NEWS
LIFESTYLE
FUNNY
WHOLESOME
INSPIRING
ANIMALS
RELATIONSHIPS
PARENTING
WORK
SCIENCE AND NATURE
About Us Contact Us Privacy Policy
© GOOD Worldwide Inc. All Rights Reserved.

This 8-year-old's 'mic drop' response to sexist homework question shows us the kids are alright

Honorifics are inherently sexist when you consider women have separate titles to denote if they are married or not.

This 8-year-old's 'mic drop' response to sexist homework question shows us the kids are alright
Image source: Twitter/StephptaylorCLT

Sexism is prevalent and widespread only because we're conditioned from an early age to accept existing sexist practices and gender roles. A kid who spotted such a pattern and called out the obvious sexism is going viral on the internet. Titles and honorifics specific to gender are already considered outdated, especially considering women have a separate one denoting if they are married or not, while men have no such differentiation and are uniformly addressed as Mr. It is still considered an integral part of the English language and is taught in schools.

Honorifics often change with the accomplishments of a person. So for example, someone who might simply be called Mr. Smith would be referred to as Dr. Smith, if they have obtained a doctorate. With time, more and more people prefer to be addressed without honorifics. In the case of women, many prefer Ms. to be used so they aren't defined by their marriage status. 



 

When a school posed a sexist question to an eight-year-old, he wasn't having it. Stephanie Taylor, the boy's mother shared a photo of the question and highlighted how her son had flipped the question. The question showed three women figures. The first one named Sarah is labeled "under the age of 18," the second woman named Mary can be seen holding a sign reading: "unmarried or unknown marital status" and in the case of the third woman, the focus is on a ring on her finger, trying to imply that she's "married or divorced." With illustrations of the three women provided, the question goes: "Is Lara a Miss, Ms., or Mrs.?"

It is pretty obvious that the question is angling for "Mrs." but the eight-year-old wrote: "I think she's a Dr." The boy didn't define Lara by her marital status and her mother proudly shared the image, writing, "My 8-yo with the worksheet mic drop." She then added the hashtag: #thekidsarealright. The tweet went viral garnering 60k likes. Twitter users were horrified that such material was still being taught in school while many others praised Stephanie Taylor for raising her child right. "I love this so much. Reminds me of when we were young and my mom said her “boss” was coming to dinner. A couple pulled up and got out of the car and my sister and I asked, 'which one is your boss?' 🙋‍♀️💪❤️" wrote one person.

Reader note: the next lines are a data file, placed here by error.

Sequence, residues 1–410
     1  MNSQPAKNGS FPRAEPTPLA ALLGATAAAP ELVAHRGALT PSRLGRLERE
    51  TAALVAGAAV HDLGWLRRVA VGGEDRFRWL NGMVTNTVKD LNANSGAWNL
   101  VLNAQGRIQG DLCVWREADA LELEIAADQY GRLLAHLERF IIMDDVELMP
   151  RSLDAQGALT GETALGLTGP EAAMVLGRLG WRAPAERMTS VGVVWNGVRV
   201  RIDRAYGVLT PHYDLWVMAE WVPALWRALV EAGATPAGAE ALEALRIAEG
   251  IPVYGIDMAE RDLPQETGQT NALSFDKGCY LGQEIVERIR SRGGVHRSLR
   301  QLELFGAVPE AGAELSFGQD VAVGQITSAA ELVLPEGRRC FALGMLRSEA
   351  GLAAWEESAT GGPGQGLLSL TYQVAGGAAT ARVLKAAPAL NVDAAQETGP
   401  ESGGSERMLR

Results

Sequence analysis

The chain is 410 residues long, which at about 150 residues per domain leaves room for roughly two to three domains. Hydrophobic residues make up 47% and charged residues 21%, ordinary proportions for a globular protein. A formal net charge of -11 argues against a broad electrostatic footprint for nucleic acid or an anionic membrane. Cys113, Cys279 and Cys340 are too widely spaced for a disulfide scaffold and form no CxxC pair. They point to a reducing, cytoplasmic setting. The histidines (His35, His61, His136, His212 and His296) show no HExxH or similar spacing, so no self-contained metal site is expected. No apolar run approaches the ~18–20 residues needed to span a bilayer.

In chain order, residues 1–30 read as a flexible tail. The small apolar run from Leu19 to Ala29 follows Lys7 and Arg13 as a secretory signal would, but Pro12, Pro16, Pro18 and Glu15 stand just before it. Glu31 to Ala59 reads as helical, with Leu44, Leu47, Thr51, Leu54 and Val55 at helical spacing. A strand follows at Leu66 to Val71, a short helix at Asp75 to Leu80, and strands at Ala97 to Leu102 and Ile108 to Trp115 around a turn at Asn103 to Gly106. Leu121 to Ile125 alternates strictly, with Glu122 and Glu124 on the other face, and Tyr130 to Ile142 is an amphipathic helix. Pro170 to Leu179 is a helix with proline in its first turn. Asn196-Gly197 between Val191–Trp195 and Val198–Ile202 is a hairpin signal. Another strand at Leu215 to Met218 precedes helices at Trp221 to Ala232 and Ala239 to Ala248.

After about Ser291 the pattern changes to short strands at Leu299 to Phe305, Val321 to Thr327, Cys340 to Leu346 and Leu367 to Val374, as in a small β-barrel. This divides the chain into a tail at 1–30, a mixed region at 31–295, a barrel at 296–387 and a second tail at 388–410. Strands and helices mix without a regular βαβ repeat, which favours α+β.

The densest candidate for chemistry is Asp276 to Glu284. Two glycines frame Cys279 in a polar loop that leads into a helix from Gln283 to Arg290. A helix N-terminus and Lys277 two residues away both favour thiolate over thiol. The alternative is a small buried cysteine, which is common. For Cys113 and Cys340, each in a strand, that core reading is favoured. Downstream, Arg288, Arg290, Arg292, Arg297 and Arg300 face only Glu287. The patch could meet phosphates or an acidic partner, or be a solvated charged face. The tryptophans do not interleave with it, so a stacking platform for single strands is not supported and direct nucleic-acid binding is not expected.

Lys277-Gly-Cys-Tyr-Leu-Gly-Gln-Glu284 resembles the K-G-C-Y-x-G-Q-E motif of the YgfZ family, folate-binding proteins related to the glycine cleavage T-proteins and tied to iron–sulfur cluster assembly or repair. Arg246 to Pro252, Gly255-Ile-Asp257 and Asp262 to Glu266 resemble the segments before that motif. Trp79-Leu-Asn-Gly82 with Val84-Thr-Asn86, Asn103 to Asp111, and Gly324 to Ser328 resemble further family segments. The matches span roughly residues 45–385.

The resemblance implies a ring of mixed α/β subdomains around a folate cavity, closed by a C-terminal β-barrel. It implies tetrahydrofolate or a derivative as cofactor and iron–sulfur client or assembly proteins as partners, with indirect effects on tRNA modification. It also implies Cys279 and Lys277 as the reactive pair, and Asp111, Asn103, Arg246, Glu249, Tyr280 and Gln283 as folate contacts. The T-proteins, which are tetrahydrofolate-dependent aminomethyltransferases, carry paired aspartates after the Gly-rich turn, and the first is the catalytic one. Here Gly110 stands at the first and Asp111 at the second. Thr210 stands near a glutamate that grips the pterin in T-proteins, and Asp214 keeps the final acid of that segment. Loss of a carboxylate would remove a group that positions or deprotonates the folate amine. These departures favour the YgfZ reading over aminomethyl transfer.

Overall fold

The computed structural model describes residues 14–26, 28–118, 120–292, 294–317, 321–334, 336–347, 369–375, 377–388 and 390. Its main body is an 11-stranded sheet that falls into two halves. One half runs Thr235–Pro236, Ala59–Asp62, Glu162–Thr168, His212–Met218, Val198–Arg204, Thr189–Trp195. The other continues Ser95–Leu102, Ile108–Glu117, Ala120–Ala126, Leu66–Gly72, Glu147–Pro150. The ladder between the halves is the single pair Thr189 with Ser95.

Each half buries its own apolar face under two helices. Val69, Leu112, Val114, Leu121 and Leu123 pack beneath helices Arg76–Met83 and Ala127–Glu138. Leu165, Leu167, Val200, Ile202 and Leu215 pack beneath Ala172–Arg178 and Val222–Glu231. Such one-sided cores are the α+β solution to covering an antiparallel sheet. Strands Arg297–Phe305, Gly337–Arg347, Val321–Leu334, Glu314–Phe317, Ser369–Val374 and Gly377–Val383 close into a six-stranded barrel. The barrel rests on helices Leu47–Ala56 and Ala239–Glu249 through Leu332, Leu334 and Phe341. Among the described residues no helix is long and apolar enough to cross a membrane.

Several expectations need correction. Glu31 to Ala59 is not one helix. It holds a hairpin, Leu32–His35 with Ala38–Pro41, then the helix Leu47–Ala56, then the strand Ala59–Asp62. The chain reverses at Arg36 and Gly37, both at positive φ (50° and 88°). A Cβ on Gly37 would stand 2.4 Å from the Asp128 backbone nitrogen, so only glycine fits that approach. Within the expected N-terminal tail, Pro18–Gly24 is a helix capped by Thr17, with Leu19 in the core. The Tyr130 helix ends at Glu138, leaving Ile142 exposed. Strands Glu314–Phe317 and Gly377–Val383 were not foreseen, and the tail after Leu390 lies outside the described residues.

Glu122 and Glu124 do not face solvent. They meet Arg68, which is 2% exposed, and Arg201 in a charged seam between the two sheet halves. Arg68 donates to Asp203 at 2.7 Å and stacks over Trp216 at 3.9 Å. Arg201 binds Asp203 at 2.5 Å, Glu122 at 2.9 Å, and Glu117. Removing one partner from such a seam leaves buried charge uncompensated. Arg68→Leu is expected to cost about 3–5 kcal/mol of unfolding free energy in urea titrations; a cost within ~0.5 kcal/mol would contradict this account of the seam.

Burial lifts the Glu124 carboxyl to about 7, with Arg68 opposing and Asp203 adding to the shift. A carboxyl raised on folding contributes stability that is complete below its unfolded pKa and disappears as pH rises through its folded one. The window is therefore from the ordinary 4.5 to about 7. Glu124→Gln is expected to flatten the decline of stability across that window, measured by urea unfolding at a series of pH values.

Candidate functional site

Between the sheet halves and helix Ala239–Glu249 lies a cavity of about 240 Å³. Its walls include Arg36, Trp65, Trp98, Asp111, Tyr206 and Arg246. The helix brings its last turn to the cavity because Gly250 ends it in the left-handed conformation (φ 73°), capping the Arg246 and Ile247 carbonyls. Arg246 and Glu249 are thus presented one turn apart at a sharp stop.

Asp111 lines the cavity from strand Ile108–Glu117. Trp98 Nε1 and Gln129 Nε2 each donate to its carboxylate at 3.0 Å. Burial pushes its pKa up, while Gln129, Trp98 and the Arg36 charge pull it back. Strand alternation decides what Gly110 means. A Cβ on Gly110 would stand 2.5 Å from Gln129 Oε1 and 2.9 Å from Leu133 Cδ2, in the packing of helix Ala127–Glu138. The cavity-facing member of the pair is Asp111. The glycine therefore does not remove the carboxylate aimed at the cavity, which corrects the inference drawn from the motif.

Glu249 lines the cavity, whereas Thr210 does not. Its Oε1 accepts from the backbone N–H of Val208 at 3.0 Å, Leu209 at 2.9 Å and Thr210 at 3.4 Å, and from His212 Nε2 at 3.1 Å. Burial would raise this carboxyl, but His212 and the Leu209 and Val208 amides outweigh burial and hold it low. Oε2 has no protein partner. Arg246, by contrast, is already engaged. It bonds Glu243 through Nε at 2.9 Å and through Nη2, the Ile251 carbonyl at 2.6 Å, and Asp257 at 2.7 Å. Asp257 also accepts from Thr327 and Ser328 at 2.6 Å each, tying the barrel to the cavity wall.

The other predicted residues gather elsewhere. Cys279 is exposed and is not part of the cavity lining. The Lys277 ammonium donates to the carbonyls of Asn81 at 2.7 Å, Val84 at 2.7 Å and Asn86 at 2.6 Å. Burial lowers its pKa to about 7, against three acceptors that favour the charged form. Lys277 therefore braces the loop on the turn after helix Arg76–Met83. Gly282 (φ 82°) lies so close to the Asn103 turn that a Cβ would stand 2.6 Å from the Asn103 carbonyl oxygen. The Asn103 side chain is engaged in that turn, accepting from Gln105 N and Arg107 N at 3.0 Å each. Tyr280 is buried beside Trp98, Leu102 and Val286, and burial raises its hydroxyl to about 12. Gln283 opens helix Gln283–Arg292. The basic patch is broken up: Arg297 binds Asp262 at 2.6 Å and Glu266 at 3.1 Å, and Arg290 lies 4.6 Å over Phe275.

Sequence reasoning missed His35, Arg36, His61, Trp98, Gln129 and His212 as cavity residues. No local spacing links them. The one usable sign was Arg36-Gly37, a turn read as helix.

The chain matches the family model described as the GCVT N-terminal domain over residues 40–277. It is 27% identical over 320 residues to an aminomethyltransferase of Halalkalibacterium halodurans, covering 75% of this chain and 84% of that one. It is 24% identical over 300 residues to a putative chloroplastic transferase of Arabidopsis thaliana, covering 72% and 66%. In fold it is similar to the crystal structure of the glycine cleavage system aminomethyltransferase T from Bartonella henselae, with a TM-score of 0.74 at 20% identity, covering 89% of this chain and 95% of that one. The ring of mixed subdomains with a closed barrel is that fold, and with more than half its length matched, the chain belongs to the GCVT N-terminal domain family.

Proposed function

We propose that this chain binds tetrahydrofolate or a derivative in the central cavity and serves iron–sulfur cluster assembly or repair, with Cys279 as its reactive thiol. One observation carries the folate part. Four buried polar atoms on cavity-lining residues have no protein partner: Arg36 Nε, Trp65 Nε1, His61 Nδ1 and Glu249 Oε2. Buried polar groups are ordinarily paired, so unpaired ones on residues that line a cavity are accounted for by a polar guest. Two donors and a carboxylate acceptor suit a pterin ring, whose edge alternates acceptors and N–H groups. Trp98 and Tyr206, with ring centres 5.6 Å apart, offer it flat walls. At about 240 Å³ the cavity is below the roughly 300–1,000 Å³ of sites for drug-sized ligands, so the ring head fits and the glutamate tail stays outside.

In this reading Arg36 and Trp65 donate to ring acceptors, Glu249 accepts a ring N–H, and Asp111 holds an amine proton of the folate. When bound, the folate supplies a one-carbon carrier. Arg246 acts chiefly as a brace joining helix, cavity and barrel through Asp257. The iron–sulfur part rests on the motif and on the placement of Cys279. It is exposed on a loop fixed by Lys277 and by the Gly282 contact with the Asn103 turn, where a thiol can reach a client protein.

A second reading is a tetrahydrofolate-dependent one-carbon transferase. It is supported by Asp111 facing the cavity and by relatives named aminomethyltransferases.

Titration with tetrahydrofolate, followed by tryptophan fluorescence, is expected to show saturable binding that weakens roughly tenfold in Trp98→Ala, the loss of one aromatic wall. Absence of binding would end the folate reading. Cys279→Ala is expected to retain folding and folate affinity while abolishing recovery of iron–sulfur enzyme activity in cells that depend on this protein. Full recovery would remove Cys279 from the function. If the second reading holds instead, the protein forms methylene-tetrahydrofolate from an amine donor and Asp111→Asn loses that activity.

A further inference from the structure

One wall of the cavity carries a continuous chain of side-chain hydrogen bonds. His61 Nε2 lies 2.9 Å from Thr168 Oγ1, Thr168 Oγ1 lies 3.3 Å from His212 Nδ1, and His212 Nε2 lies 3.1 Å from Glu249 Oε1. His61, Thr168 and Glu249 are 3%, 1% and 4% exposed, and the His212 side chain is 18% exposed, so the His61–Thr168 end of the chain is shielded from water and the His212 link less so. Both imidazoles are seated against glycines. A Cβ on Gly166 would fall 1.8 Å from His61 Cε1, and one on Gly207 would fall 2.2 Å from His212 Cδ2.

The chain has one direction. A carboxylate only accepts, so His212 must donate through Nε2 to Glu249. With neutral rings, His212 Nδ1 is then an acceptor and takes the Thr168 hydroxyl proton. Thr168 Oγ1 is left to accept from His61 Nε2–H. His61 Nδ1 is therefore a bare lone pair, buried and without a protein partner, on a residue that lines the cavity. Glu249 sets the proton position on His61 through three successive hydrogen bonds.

A majority slammed the practice of defining women by their marital status. "What in the holy hell is this????? Please tell me you’re 80 and your 8-year-old was born in 1960???? Because if this is contemporary I’d be storming into that school," wrote one person. Another person commented, "Why are these titles still accepted??? Men get Mr. for ALL men. Why does a woman’s marital status/ age have to precede our name??? These gotta go." One person wrote, "First, I love Dr., Second, why are we still teaching children different forms of address for women based on marital status? It's Ms. I remember women fighting for it in the 70s. Honor those women." Many couldn't believe that such practices were still being taught in school. "I’ve always used Ms. Men don’t have to declare marital status, why should women? In the 1980s, I got into a huge row with my local council because ‘their computer would only accept ‘Miss or Mrs’. I stuck with Ms, suggesting they update their computer, a year later, they did!" One person pointed out that was only the case for Indo-European languages. "I have always wondered why a woman’s title is determined by whether she has/had a husband while it makes no difference for a man. That seems to be the case for many Indo-European languages. Turkish, for example, doesn’t do that," they wrote.

More Stories on Scoop